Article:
We met up with our other team mate Alex just before the start and with hundreds of people lining up to get going. The atmosphere was great, music was blearing, the smell of breakfast (bacon and egg rolls) and the organization was amazing.

At 6:45am the opening ceremony begun, and over the PA it was announced there was 1,336 riders in that had raised $5.2 million for the Western Australian Institute for Medical Research. There was some heartfelt speeches to remember those lost to cancer and honour those continuing the fight. Yellow Flags attached to bikes showed those brave individuals who had battled cancer and won.

Flat roads

Flat roads

The countdown begun and it was time to ride. We made the mistake of moving to the road late and being at the back, we average 30kph and for the first few km we were stuck behind large packs of riders doing 15kph. Although it’s not a race, we still wanted to set a reasonable pace and a decent time. Everyone was being careful and for the amount of riders on the road, I did not see one rider go down which was great.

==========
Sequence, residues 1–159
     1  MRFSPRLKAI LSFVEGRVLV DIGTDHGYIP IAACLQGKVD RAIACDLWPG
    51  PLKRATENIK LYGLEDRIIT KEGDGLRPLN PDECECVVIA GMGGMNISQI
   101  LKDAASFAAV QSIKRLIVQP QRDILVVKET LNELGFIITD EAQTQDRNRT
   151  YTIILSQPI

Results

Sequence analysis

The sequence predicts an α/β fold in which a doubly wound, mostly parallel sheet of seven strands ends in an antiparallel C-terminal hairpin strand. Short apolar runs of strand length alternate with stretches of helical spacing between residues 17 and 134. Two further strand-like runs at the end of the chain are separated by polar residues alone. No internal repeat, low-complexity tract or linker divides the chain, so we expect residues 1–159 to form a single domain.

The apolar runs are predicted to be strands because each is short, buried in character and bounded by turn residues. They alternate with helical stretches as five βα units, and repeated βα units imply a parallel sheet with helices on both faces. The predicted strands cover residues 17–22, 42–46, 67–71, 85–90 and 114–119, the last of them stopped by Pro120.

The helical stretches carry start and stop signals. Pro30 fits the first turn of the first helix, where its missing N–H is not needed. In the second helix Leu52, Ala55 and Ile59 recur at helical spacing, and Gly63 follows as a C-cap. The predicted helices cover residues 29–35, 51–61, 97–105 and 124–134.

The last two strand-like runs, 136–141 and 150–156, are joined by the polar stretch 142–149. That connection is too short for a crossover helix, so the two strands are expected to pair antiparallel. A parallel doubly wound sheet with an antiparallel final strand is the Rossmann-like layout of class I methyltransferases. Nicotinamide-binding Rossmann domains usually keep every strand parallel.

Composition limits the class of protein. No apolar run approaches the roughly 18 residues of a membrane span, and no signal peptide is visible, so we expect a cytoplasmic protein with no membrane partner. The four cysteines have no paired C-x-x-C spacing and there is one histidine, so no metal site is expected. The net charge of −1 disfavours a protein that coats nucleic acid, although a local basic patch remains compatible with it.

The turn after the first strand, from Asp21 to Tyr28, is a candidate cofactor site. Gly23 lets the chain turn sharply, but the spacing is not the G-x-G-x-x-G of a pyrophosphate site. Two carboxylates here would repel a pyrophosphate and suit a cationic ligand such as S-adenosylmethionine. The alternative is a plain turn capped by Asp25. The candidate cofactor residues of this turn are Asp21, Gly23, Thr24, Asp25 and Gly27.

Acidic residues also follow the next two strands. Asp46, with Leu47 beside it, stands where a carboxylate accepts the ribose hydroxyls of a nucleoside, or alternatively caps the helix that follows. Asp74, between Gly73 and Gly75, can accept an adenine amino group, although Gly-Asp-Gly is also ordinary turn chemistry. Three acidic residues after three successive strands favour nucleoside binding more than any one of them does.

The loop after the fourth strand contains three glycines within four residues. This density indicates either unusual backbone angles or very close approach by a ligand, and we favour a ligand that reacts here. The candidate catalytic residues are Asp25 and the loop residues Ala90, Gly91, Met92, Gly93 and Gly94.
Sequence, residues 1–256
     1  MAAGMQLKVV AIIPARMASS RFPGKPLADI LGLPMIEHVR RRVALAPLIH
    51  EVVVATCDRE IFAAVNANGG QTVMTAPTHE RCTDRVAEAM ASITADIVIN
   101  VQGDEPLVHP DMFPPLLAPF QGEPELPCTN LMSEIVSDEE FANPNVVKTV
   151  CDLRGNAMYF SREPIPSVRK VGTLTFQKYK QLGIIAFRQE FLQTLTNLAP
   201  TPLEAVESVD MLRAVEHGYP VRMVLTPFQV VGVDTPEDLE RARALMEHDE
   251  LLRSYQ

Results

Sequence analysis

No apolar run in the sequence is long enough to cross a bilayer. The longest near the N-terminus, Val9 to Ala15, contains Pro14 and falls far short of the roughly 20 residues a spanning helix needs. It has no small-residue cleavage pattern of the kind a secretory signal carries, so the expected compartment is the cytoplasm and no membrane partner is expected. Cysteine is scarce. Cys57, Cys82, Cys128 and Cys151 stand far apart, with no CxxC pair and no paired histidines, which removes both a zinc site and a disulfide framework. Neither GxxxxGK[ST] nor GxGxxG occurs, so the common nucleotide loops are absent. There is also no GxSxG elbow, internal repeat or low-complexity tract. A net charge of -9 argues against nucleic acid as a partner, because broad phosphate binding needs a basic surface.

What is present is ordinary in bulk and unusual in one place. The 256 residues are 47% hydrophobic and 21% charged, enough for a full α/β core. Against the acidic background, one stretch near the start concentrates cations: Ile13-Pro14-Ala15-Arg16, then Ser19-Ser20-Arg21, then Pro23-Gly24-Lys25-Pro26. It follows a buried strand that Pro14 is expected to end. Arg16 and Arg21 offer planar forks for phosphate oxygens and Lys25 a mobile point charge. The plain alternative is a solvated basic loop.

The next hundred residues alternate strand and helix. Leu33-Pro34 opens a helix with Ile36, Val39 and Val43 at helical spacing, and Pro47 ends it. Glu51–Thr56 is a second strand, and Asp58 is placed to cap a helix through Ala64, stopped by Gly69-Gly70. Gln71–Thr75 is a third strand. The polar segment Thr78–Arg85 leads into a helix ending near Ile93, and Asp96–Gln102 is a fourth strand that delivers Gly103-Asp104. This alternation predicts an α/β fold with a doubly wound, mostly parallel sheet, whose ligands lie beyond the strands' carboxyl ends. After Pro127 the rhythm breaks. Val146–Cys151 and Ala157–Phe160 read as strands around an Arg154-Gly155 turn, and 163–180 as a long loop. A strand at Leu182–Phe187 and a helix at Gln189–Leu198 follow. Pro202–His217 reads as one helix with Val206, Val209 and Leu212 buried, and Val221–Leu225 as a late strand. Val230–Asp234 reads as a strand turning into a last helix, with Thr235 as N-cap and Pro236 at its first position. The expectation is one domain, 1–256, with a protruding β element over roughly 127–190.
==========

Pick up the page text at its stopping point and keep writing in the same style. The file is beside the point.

Work mate put out a sign for me.

Work mate put out a sign for me.

Once we had moved through some of the slower riders we picked up the pace and the ride was great. We skipped the first pit stop and pushed on to the second pit stop. The pits stops had crew and supporters cheering and clapping. It was a great feeling coming in. The pit stops had heaps of snacks and hydration including fruit, muesli bars, water, electrolytes and good old bum cream. The rain started coming down and we decided to get moving again after about 5 mins. We had packed our wet gear in the overnight bags thinking that the rain would pass on the Saturday. It didn’t.

The hills died off and the roads became flat and smooth, the route was great. It was clear a lot of thought had gone into traffic management, surface and signage for direction. Even the cars on the road did the right thing by us for the whole ride.

Saturday lunch stop

Saturday lunch stop

We hit the lunch stop at about 9am and had a salad roll, juice box, potato salad and some cookies. Some say 9am for lunch? But really we had been up since 5ish. Refill of the drink bottles and we were on the road again.

Headwinds!!!! And lots of them, for the last 40ish km we rode straight into the wind. At some points it felt like we could have walked quicker. We started getting serious and drafting to give each of us a rest and we pushed hard into Pinjarra.